Opinion: 24-hour news cycle decreases understanding, overall value of information

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Think about the last place you received word of a major news story. Were you on your phone scrolling through your Twitter feed? Looking at the day’s happenings on Facebook? Perhaps you even have an app for a major news network installed on your mobile device, and you didn’t have to do a thing to access the news update aside from opening a notification.

We live in an automatic world where the need to search is minimal, yet information is seemingly unlimited. This is due to the fact that, these days, everything is expected to be at top-speed–your computers, your cell phones, and with that, your ability to be connected to anyone or anything, at any time.

While this transformation to 24/7 updates over the past several years is undoubtedly representative of a supply-and-demand for bigger, faster and stronger products, it’s not necessarily a beneficial one when it comes to producing and receiving information in the most accurate way possible.

In the past two decades, society has gone from having to pick up a morning newspaper or sit down to watch an evening newscast, to having to search for specific topics on the internet when desired, to now merely having to log in to their favorite social media site to receive a plethora of potential news to be explored.

According to a Feb. 12 article in The Atlantic about the effect of social media on news, two years ago, Google and Facebook were virtually equivalent in the number of viewers each sent to the BuzzFeed network’s sites. In the past year, however, this number has changed drastically–Facebook now directs 3.5 times more traffic to the site than Google.

It doesn’t just apply to Facebook, though. According to an article published by Digital Trends on Nov. 15, 2013, about half of twitter users get news from that social media site, as well as one in five YouTube users. While this trend of access from social media is great in terms of potentially informing more people, it’s important to remember the ways in which we consume this information.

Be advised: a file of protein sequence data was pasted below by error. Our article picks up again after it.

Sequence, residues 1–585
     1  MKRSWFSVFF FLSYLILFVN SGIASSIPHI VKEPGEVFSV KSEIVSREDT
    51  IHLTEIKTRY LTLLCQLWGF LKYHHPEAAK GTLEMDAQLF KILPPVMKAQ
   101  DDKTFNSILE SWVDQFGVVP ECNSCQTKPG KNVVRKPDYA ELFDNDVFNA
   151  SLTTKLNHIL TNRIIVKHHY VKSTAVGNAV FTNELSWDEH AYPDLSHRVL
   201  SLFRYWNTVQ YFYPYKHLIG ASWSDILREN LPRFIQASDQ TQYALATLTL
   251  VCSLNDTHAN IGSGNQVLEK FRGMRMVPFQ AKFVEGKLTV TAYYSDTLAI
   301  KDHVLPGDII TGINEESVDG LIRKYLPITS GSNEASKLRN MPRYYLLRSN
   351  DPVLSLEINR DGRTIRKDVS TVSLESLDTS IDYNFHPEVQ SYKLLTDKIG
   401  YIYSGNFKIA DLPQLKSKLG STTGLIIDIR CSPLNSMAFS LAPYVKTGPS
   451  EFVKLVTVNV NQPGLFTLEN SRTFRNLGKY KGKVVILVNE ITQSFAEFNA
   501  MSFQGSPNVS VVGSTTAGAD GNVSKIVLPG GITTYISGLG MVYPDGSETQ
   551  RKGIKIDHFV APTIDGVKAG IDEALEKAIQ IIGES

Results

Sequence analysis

One of the biggest perks of social media is its brevity. People enjoy Twitter because it’s nearly impossible to get long-winded; what someone has to say is more or less confined to 140 characters. However, because of this need for conciseness, people are inevitably expecting everything they need to know to fit within a mere sentence. A Feb. 14 article by the Verge claims that people are more likely to share an article after reading only 25 percent of its content than users who left before that or spent more time on it. This means they’ve likely only read the headline and merely skimmed the rest. This is potentially problematic, as it lends to the idea that people are basing their understanding of an 800- to 1,000-word article on what they’ve gathered from a 15- to 20-word Tweet.

Because these posts tend to be short in length, it also allows reporters and networks to litter newsfeeds with information every few minutes. Aside from the fact that there’s likely not enough breaking news that actually matters to most people to constitute an update 12 times every hour, it also changes the buzz surrounding these events. While some argue it lessens the impact of hard-hitting news, I’d make a stand for the opposite. When the same story is popping up on Facebook dozens of times, it’s easy to believe the topic at hand is more serious than it may actually be. While news is undoubtedly important, the frequency of which we involuntarily see or hear about happenings can alter our perception of the urgency and risk level attached to them. In other words, if an idea or topic is constantly catching your attention (regardless of how important it is), you’re probably more likely to believe it to have farther-reaching effects than it actually does.

In the end, it’s a matter of quality over quantity. While we’ve created the 24-hour news cycle through our own demands, it’s important for reporters and consumers alike to realize the value of consistent, significant information instead of a constant, minimal drip from news networks. If we trade non-stop updates for less frequent, but more fulfilling material, society will undoubtedly find a renewed appreciation and value for news.

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